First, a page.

There was no representative political system in India, and the natives had no say in the way they were governed. The idea of political liberty applied only to the Mother Country, while Indian rule continued to be despotic mostly because it was cheap and efficient. The Viceroy sat atop an enormous pyramid of civil and military power, reporting to the Secretary of State for India who was responsible to Parliament only in theory, both supposedly advised by the Council of India, with none among this whole clique being Indian. This was explained away by stating that such rule of law was so radical, complex and onerous that only the English gentility could grasp and execute it. The machinery in England, most of them made up of men who had never been in India or even seen a native, possessed the power of vetoing any suggestions that bubbled up from their own force on the dusty plains of that country. The natives were seen only as a lot sunk in wretched superstition and poverty. The sociological analysis that later threw a revealing light on such a society came only a century later, an understanding of which the typical urban Indian lacks still (and, it is in this sense of absorbing philosophical learning into sociology that India has remained one country for millennia, against shifting political fortunes). Significant portions of the tops ranks of the ICS were thrown open to the Indians only in the early years of the twentieth century, when the choice of a civil career in India was getting to be less popular in Britain.
The railways in India received attention only after their economic potential in Britain had been trapped. Initially, the investments were all private - it costing one-and-half times to lay a mile of track in India as in Britain -, aided by the nominal return guaranteed by the Government of India (from Indian revenues). The lines were initially laid to link trade centers to coastal ports. They were then expanded inland to reach native customers of British goods, which at a point had reached 75% of total imports into India. Railway lines were laid to reach areas most vulnerable to famines as a preventive measure against costs of famine relief. Though millions of men and women were employed to lay the tracks, more jobs were lost than were created during the first 75 years of the railways, no doubt because almost every rail and locomotive that formed it was imported from Britain. India was thus deprived the industrial boost that Britain flourished under during the development of her network. India's forests that furnished the wood needed to build coaches were reduced to a sixth of the land area, from a third. A third of India's coal production also went into the enterprise. The lack of mechanical extraction of coal, leading to it being cheaper to import it all the way from Britain, also thwarted the rise of an industry around it. The human cost was enormous too; the inclines in the Western Ghats were laid at a loss of 25,000 Indian lives primarily due to the lack of basic shelter and sanitation, the kind of death-toll that was hitherto seen only on battlefields. The reward for such sacrifice was to make only the Third-Class coaches, having no sanitation or dining facilities and condescendingly policed by Europeans or Anglo-Indians, affordable to them. Much the same conditions persisted even during the early decades of the twentieth century, prompting Gandhi to gather popular attention towards it. One can imagine the public outrage should this have occurred in Britain.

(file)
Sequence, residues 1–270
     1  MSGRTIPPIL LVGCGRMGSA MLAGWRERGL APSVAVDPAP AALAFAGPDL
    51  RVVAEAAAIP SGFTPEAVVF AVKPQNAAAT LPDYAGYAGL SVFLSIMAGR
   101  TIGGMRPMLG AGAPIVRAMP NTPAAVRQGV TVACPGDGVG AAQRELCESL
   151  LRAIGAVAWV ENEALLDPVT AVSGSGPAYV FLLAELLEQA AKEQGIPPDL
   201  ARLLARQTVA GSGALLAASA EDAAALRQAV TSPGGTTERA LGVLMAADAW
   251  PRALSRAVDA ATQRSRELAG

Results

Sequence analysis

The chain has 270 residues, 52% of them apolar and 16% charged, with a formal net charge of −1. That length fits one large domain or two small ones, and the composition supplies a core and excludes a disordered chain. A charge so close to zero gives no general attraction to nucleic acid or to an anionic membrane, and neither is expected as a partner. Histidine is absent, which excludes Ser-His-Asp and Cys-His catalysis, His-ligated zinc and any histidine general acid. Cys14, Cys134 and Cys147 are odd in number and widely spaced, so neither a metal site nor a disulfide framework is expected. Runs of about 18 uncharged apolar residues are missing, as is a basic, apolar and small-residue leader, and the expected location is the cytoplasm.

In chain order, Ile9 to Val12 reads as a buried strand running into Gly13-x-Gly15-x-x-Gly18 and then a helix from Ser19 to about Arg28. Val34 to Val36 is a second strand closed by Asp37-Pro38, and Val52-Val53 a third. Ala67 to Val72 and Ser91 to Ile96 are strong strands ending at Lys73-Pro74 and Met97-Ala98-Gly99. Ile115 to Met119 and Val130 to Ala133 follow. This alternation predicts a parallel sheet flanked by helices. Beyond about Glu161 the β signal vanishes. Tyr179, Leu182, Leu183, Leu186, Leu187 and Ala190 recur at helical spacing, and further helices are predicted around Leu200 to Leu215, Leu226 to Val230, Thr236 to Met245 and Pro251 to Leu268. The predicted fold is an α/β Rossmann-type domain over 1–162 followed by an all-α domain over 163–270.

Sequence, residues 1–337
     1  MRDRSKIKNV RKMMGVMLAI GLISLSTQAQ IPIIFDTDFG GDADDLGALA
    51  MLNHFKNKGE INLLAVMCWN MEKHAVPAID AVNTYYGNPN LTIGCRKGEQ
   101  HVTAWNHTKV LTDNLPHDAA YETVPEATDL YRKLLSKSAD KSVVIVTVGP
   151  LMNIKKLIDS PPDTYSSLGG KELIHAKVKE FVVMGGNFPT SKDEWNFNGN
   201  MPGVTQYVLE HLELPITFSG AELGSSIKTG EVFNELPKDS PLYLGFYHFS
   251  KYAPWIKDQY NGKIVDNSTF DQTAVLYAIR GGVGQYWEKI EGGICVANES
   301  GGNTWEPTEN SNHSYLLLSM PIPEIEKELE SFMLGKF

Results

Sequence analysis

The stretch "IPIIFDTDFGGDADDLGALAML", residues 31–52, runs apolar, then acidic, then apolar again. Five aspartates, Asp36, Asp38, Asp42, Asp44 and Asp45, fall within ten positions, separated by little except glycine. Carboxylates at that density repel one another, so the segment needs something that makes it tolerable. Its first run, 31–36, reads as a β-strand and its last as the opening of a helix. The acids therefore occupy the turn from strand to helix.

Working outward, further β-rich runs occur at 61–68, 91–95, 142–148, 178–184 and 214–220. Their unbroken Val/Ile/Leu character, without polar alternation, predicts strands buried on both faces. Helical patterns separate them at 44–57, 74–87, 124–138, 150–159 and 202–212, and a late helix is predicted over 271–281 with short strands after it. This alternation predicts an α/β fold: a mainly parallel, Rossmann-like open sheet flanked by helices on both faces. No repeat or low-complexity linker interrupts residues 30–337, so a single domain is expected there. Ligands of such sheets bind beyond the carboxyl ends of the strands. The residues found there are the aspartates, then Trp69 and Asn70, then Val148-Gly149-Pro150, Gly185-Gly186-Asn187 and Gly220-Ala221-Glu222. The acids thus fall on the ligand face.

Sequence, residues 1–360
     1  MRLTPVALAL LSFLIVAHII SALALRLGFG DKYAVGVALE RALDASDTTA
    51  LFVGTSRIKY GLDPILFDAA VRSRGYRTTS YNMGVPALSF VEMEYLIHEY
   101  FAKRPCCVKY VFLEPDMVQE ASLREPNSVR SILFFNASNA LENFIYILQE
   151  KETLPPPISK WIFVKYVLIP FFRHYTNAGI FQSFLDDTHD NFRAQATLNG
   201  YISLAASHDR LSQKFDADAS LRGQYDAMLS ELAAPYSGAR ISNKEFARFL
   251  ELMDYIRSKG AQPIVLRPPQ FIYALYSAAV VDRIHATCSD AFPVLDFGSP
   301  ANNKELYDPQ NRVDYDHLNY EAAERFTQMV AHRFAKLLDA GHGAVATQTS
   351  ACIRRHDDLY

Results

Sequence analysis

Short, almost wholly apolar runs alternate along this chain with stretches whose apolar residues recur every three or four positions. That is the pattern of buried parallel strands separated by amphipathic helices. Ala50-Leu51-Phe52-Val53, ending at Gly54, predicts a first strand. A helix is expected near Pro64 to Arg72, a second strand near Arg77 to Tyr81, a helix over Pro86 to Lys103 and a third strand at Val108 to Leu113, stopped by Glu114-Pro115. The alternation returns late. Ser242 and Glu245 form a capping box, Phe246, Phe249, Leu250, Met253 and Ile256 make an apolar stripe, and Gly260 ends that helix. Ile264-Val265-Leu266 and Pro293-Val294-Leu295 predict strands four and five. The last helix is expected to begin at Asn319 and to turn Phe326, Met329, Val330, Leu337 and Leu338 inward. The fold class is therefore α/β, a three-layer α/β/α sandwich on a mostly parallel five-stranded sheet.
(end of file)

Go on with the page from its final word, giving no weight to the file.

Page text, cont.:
The haughty claim that a handful of Europeans ruled over 200 million people on a landmass as big as Europe can readily be dismissed if the attitude of that government towards famines is taken into account. Perhaps no other facet of such rule would prompt an objective Briton to hang his or her head in shame as to it's treatment of such catastrophes. Prior to such rule, an Indian sovereign - be he Hindu, Muslim or Buddhist - had no claims of ownership to tillable land, only a part of fruits thereof in proportion to its produce. Villages held collective rights over such land, and safeguarded its subsistence by storing enough quantities of cereal underground to last them a year or even two. Such an established system was changed after British victo